With guests such as Migos, YG, Kamaiyah, and GRAMMY winner Diplo, Lil Yachty is ramping up with Teenage Emotions. The 21-song album reflects an empowering, "be yourself" message. "Don't be afraid to do you, to be you," Lil Yachty said on Instagram Live. "If you have vitiligo or if you're gay or whatever it is, embrace yourself. Love yourself. Be happy, positive."
Rapper Logic has taken his game to the next level withn Everybody, on which he tackles everything from mental health to his biracial identity. The album has already charted at No. 1 on the Billboard 200, and XXLmag.com said it "further solidifies Logic['s] solid standing in hip-hop."
Paramore, After Laughter
Paramore's After Laughter is a "very of-the-moment" pop record that ditches the bubblegum but keeps the catchy hooks. Or, as Rolling Stone says, it's "a record that's so sunshine-bright it gives off a glare at times, rooted in fleet basslines and beats made for open-road drives and solo bedroom dance parties" that also has a bit of "cocked-eyebrow trepidation."
Perfume Genius, No Shape
Perfume Genius — aka Mike Hadreas — is back with his fourth studio album, No Shape. Produced by GRAMMY winner Blake Mills, the singer/songwriter continues his confessional brand of indie-pop in grand style. "These songs swoop and chatter like flocks of mad starlings, light up like religious paintings, … make the cosmos explode inside your ribs," Pitchfork writes. "No Shape rebukes tasteful minimalism and embraces beauty at its most transgressive."
Chris Stapleton, From A Room: Volume 1
His first album since winning the GRAMMY for Best Country Album for 2015's Traveller, From A Room: Volume 1 also embraces '70s-sounding outlaw country, including a cover of Willie Nelson's "Last Thing I Needed, First Thing This Morning." While the record only runs approximately 30 minutes, Variety said, "Country has been holding out for a hero so long, even a display of superpowers as modest as From A Room feels epic enough."
Rapper Wale's fifth studio album, Shine, covers a lot of musical ground across 14 tracks. There's dancehall with a Diplo co-produce, a Latin connection with a J Balvin feature and a revisit of the seminal, "Smile." While Complex calls the album "a new dad rap classic" in light of its devotion to Wale's daughter, it's not a bad thing — the "different flavors" the album evokes are cause for celebration.
Roger Waters, Is This The Life We Really Want?
The former bassist for Pink Floyd, Waters' latest album hearkens back to a 1970s sound. GRAMMY-winning producer Nigel Godrich was given unusually strong oversite of the album. The result is an album that reaches from politics to the personal in a Floydian-esque package of the best kind. Waters told Entertainment Weekly, "It's about the transcendental nature of love and, I suppose, how it can transform anger into compassion."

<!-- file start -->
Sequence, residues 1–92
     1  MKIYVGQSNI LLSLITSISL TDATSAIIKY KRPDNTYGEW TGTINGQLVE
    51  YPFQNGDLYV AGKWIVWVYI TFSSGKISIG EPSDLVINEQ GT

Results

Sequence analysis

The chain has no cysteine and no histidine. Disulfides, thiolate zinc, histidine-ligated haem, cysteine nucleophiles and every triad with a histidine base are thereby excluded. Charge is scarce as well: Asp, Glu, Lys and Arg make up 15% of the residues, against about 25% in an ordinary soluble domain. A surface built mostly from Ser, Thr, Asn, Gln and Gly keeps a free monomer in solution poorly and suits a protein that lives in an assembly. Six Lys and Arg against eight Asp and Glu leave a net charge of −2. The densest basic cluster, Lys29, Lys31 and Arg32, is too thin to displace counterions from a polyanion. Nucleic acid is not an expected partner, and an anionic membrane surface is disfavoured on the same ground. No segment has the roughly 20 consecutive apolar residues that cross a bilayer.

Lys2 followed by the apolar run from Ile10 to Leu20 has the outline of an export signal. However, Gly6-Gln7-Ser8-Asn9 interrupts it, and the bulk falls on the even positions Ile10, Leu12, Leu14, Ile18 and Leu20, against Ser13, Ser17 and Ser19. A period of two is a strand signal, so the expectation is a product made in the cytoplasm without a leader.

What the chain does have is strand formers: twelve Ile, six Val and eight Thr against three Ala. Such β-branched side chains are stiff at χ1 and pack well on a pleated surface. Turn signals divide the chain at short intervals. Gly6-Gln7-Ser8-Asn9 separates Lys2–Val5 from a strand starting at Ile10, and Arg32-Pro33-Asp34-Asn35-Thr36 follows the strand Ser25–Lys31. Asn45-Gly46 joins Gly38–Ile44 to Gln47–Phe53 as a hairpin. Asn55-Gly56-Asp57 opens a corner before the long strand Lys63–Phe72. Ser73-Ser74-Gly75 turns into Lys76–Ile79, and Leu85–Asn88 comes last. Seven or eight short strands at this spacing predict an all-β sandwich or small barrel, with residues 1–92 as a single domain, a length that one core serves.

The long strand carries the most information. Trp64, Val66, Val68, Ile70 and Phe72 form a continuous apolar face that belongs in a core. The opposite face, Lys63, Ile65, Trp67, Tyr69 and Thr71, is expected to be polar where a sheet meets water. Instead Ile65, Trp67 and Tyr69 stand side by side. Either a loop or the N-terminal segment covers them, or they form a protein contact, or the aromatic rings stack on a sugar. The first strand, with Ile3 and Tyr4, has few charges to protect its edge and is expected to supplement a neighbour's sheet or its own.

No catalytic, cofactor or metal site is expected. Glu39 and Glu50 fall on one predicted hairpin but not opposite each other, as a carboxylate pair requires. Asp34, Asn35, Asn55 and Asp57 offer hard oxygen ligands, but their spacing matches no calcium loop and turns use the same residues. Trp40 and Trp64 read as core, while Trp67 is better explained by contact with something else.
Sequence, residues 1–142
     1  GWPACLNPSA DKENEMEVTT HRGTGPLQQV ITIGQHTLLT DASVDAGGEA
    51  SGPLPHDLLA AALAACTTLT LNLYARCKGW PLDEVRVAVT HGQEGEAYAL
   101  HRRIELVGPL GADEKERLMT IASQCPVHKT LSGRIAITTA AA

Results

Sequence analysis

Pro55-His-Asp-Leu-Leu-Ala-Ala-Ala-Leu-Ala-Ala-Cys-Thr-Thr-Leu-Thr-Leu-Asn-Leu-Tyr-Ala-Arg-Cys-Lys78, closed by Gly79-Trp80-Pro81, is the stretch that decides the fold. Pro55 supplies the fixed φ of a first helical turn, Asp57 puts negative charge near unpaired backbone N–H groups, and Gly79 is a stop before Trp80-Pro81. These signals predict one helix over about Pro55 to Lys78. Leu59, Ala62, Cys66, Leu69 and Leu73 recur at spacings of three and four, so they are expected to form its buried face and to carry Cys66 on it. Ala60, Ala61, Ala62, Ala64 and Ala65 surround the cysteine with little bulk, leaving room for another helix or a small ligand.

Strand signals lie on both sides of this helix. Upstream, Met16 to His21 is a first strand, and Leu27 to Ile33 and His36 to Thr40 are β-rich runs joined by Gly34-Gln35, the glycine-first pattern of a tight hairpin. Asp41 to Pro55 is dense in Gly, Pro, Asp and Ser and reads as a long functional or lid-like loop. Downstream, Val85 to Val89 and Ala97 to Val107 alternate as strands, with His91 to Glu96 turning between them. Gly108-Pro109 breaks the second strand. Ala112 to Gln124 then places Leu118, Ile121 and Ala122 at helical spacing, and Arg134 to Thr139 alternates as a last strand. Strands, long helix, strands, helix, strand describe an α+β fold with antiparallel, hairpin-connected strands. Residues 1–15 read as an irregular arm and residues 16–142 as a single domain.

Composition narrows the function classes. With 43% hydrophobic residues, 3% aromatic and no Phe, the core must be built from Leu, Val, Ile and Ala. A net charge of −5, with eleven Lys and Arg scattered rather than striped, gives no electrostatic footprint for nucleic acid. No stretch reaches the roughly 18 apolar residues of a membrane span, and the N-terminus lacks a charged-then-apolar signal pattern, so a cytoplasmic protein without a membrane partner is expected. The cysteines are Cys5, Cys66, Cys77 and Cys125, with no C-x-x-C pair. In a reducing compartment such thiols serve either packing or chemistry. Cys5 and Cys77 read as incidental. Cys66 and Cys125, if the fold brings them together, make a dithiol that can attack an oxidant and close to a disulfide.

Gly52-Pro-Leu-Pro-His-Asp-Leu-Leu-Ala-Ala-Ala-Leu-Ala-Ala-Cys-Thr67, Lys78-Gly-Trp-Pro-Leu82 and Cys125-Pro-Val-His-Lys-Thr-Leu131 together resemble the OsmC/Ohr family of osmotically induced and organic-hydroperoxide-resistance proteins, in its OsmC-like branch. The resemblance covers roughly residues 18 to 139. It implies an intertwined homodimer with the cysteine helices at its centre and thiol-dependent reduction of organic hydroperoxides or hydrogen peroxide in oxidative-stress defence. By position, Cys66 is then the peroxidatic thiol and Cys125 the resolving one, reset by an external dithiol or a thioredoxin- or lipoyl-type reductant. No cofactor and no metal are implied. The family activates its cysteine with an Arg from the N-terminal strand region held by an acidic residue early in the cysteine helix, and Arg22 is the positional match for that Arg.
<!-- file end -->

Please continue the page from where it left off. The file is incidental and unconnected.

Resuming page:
Zac Brown Band, Welcome Home
Appropriately titled, this LP takes Zac Brown Band back to their roots of a more traditional country sound, including "Roots" and "Family Table." AllMusic.com says, "The sound of Welcome Home is a warm, comfortable bath" that "is the very definition of music as comfort food." For those who appreciate this melodically inclined country band, it will definitely be a Welcome Home.
The Beatles, Sgt. Pepper's Lonely Hearts Club Band
A must-have for collectors, the 50th-anniversary super deluxe edition of the Beatles' classic 1967 album is packed with fabulous bonuses and extras. Aside from a new stereo mix of the album and track outtakes, the super deluxe set features 33 more recordings from the Sgt. Pepper sessions, unreleased mono mixes, surround-sound audio mixes, a documentary, and commemorative hardcover book.
With '90s nostalgia in full bloom, the 25th-anniversary deluxe edition of the Singles soundtrack is an alt-rock feast for the ears. The set features a remastered version of the original soundtrack, featuring Gen X classics by Alice In Chains, Mudhoney, Pearl Jam, and Chris Cornell, plus a bonus disc of previously unreleased songs and rarities, including songs heard in the film but not on the original soundtrack. Also included is a full EP from the late Cornell, featuring an early version of Soundgarden's GRAMMY-winning song "Spoonman."
Miley Cyrus, "Malibu"
Cyrus' "Malibu" does not come in like a wrecking ball. Quite the opposite, actually. A sweet love song that goes back to basics in its instrumentation, "Malibu" could be the soundtrack for your summer fling.
A move toward a more house-sound for Flume, "Hyperreal" features Australian singer Kučka. Her ethereal vocals compliment asymmetric synths and a darker backdrop with crunchy atmospherics.
Haim, "Want You Back"
A mid-tempo tune with the Haim sisters' signature vocals, "Want You Back" continues their brand of pop, this time with a love song. NPR adds that the track features "production that feels like several songs layered up and seeking maximum heart."
LCD Soundsystem, "Call The Police"/"American Dream"
Released as a "double A-side" to their upcoming comeback album, LCD Soundsystem evoke two separate moods with these two tracks. "American Dream" languishes with self-deprecating talk about love while "Call The Police" has instrumentals that, per Pitchfork, sound like "downed live wires …raring to go."